Monday, March 9th
John Berger, “The Uses of Photography,” in About Looking (1980), 29-67. (R)
Lorie Novak, “Collected Visions,” in Marianne Hirsch ed., Familial Gaze (1999), pp. 14-31 (R)
Wednesday, March 11th meet at MeadArt Museum
In class workshop: drawing cultural or social information from photographs, with some attention to engravings, lithographs, and paintings.
Assignment 5 (optional): How can you develop an historical argument from a visual image? Working with a single image or a group of images in the Mead Collection, Amherst College Special Collections (or with a selection of your own devising appropriate to your topic), write a 3-5 page paper that argues for how these images conveys a story or a point of view without recourse to, or in association with, textual descriptions of the same place, persons, or events. You should give attention to content, form and context, thinking hard about how original audiences might have encountered these pictures, as well as how they were composed. Due Wednesday, March 25th.
Prospectus for your final project due Wednesday, March 11th
Before drafting your prospectus you should make an appointment to meet with me to discuss possible projects. You can work on any American topic that is of strong interest to you, but you will need in your work to draw on at least three different sorts of research tools. Reviewing this syllabus and the assignments outlined here may help you to think about the kind of research activities you would like to do this semester. Students taking this course for credit as English 95 will need to pick a topic that is literary in scope. Your prospectus should include a 2-3 page discussion of the problem you intend to explore, the questions or issues you will raise, and what sorts of evidence you intend to use. Please attach a preliminary bibliography.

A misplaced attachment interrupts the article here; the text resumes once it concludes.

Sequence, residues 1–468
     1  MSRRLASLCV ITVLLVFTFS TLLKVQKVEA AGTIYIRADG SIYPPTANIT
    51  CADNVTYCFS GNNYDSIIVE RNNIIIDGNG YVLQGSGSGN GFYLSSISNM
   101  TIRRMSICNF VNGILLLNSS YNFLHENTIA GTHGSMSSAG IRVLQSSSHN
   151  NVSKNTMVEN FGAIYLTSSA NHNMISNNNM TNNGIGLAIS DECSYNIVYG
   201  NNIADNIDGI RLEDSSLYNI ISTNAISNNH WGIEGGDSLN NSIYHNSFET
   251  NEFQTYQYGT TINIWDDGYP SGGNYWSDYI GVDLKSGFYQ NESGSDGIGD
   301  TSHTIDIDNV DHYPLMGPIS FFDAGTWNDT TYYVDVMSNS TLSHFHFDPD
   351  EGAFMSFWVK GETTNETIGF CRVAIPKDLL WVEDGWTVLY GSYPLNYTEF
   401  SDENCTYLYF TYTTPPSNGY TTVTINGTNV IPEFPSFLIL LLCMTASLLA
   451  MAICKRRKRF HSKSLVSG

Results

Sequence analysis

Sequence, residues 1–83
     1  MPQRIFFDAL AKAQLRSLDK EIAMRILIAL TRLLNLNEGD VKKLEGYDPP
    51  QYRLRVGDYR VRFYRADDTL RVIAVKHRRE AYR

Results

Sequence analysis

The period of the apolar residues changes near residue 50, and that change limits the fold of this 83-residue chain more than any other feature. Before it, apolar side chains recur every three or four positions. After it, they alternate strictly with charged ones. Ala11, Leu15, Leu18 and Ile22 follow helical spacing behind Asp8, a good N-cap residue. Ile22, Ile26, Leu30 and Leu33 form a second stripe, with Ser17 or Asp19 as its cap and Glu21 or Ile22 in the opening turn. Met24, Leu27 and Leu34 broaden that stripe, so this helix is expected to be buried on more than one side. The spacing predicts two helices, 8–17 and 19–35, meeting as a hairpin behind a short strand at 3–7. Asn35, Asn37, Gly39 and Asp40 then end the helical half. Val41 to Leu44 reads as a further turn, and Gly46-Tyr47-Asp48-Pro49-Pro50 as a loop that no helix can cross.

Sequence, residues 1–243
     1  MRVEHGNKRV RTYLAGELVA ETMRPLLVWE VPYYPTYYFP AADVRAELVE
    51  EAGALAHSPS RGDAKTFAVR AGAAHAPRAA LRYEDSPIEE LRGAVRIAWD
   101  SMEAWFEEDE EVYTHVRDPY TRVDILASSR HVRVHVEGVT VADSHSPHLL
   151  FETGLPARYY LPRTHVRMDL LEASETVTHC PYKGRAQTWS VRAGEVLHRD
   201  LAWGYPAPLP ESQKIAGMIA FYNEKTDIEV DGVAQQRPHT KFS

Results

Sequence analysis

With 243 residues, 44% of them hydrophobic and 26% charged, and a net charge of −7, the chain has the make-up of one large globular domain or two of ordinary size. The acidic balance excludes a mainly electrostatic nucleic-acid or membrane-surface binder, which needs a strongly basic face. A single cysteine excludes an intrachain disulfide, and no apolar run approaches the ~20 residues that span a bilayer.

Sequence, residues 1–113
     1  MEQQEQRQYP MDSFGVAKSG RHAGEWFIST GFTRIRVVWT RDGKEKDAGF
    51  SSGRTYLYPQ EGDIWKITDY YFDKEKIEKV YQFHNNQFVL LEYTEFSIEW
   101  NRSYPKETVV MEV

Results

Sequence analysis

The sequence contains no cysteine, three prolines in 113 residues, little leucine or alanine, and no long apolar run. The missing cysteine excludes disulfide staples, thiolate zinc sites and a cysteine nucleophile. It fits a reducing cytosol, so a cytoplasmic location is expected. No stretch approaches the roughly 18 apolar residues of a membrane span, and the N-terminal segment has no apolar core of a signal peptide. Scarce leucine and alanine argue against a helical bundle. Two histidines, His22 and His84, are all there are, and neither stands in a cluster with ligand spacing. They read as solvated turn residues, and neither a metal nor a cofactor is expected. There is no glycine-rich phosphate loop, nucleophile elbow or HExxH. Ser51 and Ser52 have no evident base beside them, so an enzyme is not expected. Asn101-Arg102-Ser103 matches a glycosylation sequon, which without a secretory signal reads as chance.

Surveys and Data Analysis
Monday, March 23rd meet in Webster 102 computer classroom
Presentation by Jan Dizard
In class workshop: Prof. Dizard will demonstrate the use of statistical software designed for the analysis of social survey (“public opinion”) data, as well as aggregate data from state and national data bases. If you are intending to use survey or demographic data, please let me know the kinds of data you are interested in and Dizard will try to incorporate data relevant to your projects into the day’s workshop.
Wednesday, March 25th
Roy Rosenzweig and David Thelen The Presence of the Past: Popular Uses of History in American Life, 1-88, appendix 1 and appendix 2
Assignment 6 (optional): If you are conducting a survey as part of your project this assignment would be a good opportunity to experiment with various ways of presenting and analyzing that data. You should discuss your particular survey with Prof. Dizard to discern the best models to experiment with here, turn in tables or graphs presenting your data and a 1-2 page reflection on the process and the strengths and weaknesses you see in this data and its analysis for your particular project. For those of you not conducting your own surveys, there are many publicly available databases that may be of use for your research. Douglas Black, Professor Dizard, and I can help you locate databases relevant to your particular project. Experiment with various ways of presenting and analyzing this data, and turn in the resulting tables and graphs together with 1-2 pages of reflection on the process and the particular strengths and weaknesses you see in this data set and its analysis for your particular project. Due Monday, March 30th.